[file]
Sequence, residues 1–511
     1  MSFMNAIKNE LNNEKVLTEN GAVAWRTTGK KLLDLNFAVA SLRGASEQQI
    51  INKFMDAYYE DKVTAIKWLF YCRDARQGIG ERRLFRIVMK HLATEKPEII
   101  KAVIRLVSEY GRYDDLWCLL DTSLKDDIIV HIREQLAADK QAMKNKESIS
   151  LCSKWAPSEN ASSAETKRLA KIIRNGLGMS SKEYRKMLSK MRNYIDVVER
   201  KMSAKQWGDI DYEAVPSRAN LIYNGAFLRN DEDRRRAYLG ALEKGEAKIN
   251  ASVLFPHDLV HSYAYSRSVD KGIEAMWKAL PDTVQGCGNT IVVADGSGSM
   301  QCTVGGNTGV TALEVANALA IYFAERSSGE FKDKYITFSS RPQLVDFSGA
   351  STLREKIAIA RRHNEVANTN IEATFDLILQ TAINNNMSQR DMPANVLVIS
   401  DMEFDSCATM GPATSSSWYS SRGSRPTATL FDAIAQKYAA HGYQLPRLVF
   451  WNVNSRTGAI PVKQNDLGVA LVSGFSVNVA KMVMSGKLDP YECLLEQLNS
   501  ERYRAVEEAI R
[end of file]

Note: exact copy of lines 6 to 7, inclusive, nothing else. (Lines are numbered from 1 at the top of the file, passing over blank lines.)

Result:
   201  KMSAKQWGDI DYEAVPSRAN LIYNGAFLRN DEDRRRAYLG ALEKGEAKIN
   251  ASVLFPHDLV HSYAYSRSVD KGIEAMWKAL PDTVQGCGNT IVVADGSGSM